“So Donald Trump’s private business, campaign, transition, inaugural committee and White House are all under criminal investigation. Very legal and very cool.”

That’s a tweet from Mathew Miller, MSNBC Justice and Security analyst celebrating the exploding number of investigations into President Trump. He thinks it’s all “very cool.”

Do most Americans think that the endless spread of the Mueller investigation is cool? Or are they increasingly concerned that our Justice Department has become an engine of political retribution, guided by people with a left-wing bias and impervious to oversight by our elected officials?


One answer comes from a new NPR/PBS NewsHour/Marist Poll, which reveals that for the first time ever, Americans have a higher negative than positive impression of Robert Mueller. Only 29 percent of the country, down from 33 percent in July, have a favorable impression of the Special Counsel while 33 percent have an unfavorable view of him. By contrast, 42 percent of the respondents to that poll approve of Trump.

Are Americans also thrilled that the incoming Congress appears more intent on bringing down a duly elected president than solving the concerns of the nation? The NPR poll shows “19% of Americans believe the top priority for the next Congress should be the economy and jobs, 17% say immigration, 16% say healthcare, and 10% say federal taxes and spending.” Nothing about impeaching the president.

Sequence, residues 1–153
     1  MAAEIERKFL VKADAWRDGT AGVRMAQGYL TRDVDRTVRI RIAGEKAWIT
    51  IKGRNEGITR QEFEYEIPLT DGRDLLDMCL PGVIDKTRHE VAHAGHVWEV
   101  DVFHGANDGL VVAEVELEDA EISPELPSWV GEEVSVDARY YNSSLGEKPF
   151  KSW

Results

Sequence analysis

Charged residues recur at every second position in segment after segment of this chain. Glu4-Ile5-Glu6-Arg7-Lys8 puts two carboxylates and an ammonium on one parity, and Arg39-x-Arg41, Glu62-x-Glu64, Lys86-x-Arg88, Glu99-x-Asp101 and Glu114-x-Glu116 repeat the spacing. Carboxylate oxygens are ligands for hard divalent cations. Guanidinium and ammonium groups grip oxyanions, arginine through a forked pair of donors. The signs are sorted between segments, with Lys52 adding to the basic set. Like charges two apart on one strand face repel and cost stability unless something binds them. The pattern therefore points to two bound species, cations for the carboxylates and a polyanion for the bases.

Most Americans are too busy working and caring for their families to keep up with the day-to-day charges and counter-charges underlying the numerous Trump accusations. There are, of course those on the left like Mathew Miller, who hate Donald Trump, and who steep themselves in the ongoing saga as others might follow pro football.

But occasionally there are revelations about the probes that attract attention from a different group – Trump supporters who have largely tuned out, confident there was no collusion between Russia and the president’s campaign and optimistic the investigation will play out fairly.

Just recently, that expectation of fairness has been sorely tested. Kim Strassel has described in a recent Wall Street Journal op-ed an aspect of the Mueller probe that reveals the political underbelly of this nearly two-year drama.  Thanks to Emmet Sullivan, the sentencing judge for General Michael Flynn, we now know how the FBI caught Trump’s former national security chief in a lie.

The Mueller investigation, increasingly tainted by such reports, will eventually end. But there are numerous other legal battles ahead.

Documents demanded by the judge show that Deputy FBI Director Andrew McCabe convinced the general to sit down casually to supposedly discuss other matters, encouraged him to not bring a lawyer, did not indicate he was under investigation, and did not reveal they had taped his earlier conversation with the Russian ambassador. One of the agents who interviewed Flynn was Peter Strzok, who famously sought an “insurance policy” in case Trump won the election and who has since been fired.

Disgraced former FBI head James Comey told MSNBC in an interview that he would never have “gotten away” with the set-up of Flynn in a more “organized” White House.